'Ringer' (9PM ET Tuesday, the CW) isn't terrible. But it's less than it could be, and it has yet to present viewers with compelling reasons for putting up with its contrivances.
Props to 'Ringer' for even attempting a film noir atmosphere on a CW budget, but when a noir doesn't have a sense of visual flair or the right tone of wounded melancholy -- yet takes itself seriously -- it can quickly start to feel mildly cheesy, if not ponderous.
In 'Ringer,' Gellar plays identical twins, and if you value your health, you won't do a shot every time one of her characters is shown in a mirror. (Get it? Two sisters! Identical twins! Mirror images! Get it?)
Down-on-her-luck Bridget is the bad twin -- well, not so much bad as misguided, in that way that newly sober former strippers often are. For reasons I won't give away here, she's got bad guys on her trail, and eventually she meets up with her estranged sister Siobhan, a wealthy New York socialite who appears to have it all (except a civil relationship with her husband).
It's not a bad premise -- throughout television history, evil twins can usually be counted on to bring some enjoyable melodrama -- but the show's sludgy pacing might be its biggest problem. With any luck, future directors will do a better job of infusing the show with energy and momentum rather than an enervated sense of plodding competence.
'Ringer' has to expend a lot of time setting things up and explaining how the twins' lives aren't particularly rosy, and thus there's less time to make Siobhan or Bridget truly interesting, but Gellar does the best she can with the rather bland material she's given. At one point, Nestor Carbonell's law-enforcement character asks Bridget if she's OK, and the way she delivers her two-word reply -- "Not really" -- is vintage Gellar: vulnerable, self-deprecating, deftly endearing.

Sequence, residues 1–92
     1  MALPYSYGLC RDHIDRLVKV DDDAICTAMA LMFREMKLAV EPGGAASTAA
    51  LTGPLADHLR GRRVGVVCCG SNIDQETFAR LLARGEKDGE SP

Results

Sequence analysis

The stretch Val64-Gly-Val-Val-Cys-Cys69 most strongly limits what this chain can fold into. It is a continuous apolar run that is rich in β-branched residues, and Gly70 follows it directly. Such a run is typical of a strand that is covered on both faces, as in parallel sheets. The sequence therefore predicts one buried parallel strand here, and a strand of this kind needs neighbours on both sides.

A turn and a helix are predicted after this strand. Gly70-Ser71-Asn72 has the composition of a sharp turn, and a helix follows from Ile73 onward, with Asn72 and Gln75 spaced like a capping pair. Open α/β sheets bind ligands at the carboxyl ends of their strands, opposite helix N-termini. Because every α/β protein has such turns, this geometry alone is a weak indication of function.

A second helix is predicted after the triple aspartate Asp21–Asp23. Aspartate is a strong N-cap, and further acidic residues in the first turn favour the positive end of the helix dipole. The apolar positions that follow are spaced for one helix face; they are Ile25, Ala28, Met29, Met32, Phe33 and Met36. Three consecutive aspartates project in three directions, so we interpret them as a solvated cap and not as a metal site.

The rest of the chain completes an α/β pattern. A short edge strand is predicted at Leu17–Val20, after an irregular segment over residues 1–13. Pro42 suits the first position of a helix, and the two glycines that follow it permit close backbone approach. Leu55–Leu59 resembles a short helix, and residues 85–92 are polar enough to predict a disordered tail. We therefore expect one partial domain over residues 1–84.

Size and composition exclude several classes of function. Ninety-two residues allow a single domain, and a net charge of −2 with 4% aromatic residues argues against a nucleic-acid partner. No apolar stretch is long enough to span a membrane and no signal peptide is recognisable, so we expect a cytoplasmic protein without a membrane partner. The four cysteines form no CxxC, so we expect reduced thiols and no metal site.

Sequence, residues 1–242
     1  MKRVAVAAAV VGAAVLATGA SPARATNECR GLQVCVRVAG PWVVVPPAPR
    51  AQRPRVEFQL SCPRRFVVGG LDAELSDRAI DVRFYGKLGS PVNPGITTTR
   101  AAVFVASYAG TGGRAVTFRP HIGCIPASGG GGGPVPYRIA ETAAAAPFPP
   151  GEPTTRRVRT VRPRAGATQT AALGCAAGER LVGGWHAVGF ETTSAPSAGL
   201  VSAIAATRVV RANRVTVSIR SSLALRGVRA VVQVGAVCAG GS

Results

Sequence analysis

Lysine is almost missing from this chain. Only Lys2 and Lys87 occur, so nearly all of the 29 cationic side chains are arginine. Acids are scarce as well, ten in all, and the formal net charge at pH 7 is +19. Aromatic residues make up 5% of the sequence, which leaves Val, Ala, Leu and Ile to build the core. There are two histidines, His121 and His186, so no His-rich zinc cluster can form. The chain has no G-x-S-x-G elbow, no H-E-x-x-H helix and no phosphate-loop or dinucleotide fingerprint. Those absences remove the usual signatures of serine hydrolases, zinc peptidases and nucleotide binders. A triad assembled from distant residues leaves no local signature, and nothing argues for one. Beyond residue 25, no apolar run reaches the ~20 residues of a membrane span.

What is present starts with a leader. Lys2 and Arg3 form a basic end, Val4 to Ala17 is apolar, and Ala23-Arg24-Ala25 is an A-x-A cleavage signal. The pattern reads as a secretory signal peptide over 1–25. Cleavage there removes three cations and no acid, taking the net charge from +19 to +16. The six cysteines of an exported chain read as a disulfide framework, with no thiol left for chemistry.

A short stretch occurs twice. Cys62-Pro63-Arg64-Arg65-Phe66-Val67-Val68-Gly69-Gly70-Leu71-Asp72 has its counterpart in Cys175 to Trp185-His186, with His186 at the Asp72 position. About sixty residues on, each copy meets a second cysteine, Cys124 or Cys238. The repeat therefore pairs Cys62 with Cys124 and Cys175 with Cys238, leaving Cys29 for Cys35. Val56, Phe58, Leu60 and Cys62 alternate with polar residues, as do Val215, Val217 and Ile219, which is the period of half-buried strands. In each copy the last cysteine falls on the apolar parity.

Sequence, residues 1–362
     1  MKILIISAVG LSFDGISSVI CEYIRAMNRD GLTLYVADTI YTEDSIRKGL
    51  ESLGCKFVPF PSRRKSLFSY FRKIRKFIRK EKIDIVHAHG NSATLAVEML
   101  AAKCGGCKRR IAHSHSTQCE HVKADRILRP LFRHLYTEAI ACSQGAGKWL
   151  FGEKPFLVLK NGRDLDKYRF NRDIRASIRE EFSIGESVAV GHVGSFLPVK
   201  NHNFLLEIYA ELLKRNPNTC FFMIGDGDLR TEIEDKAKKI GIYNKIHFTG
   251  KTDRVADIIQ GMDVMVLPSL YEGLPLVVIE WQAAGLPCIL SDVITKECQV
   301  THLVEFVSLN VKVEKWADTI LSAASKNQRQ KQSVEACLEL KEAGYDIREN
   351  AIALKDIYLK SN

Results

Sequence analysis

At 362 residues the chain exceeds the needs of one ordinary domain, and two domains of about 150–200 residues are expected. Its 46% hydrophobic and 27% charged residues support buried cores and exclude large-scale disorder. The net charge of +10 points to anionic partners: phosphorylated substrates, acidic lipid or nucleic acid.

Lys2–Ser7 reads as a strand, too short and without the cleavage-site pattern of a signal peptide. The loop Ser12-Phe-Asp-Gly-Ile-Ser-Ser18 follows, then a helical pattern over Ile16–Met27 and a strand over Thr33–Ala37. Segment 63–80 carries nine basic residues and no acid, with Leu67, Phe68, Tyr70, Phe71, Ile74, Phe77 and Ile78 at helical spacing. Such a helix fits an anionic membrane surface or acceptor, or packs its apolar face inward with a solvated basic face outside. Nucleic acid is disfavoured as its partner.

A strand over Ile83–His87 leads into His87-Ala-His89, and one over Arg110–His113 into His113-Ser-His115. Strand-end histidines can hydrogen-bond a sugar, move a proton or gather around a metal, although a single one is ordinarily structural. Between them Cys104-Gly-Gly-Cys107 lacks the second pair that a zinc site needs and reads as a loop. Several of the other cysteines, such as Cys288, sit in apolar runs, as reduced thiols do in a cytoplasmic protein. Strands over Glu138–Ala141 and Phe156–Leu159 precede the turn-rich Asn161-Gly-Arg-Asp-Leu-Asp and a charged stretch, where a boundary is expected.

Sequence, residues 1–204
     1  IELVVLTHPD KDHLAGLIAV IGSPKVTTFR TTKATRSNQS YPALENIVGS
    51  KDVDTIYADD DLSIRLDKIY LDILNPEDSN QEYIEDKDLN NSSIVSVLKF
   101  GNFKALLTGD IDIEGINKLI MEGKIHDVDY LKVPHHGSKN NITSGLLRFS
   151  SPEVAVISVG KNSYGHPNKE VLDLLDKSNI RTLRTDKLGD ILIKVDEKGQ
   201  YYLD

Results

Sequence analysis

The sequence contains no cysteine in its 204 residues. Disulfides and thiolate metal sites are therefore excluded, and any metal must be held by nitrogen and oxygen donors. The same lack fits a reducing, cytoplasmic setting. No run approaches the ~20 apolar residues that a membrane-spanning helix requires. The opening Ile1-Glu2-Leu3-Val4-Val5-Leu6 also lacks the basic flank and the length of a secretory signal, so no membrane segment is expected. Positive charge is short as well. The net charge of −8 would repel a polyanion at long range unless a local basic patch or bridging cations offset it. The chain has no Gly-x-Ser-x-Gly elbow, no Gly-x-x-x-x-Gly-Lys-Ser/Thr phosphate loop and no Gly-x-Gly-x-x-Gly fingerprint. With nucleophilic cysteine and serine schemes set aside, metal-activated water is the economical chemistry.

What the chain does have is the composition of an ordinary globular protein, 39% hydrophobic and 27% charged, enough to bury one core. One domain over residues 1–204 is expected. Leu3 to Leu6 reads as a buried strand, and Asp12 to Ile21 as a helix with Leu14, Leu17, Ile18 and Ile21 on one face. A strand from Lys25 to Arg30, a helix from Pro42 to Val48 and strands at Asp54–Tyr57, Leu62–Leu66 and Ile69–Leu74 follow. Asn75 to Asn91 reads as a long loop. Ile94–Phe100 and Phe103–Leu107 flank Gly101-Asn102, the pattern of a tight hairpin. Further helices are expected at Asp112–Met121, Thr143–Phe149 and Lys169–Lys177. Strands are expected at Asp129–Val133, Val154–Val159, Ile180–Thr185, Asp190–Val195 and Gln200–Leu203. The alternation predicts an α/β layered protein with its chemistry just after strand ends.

Still, without the kind of sprightly, witty dialogue that 'Buffy' fans will recall from that show, Gellar's performances as Bridget and Siobhan seem a little wan, quite frankly. It's not clear whether Gellar needs to be surrounded by a well-oiled ensemble, has to play a character on an epic quest or should speak humor-infused dialogue in order to truly click as the lead performer on an hourlong drama, but so far, 'Ringer' doesn't quite make the grade on any of those fronts. Television does seem to be the right medium for her, but it's not yet clear whether 'Ringer' is the right vehicle for her modest yet sturdy skills.
Of course, regardless of who's playing the leads, the show's twins-with-dangerous-lives concept is contrived, but that contrivance doesn't have to matter much going forward if 'Ringer' supplies ample compensations for putting up with its less believable aspects. Nestor Carbonell, Kristoffer Polaha and Ioan Gruffudd (who plays her husband) are good in their so-far limited supporting roles, and if 'Ringer' gets the balance between melodrama, noir and straight-up drama right, it could be a twisty little escapist slice of cheese.
And if that doesn't work, maybe bring on the vampires.
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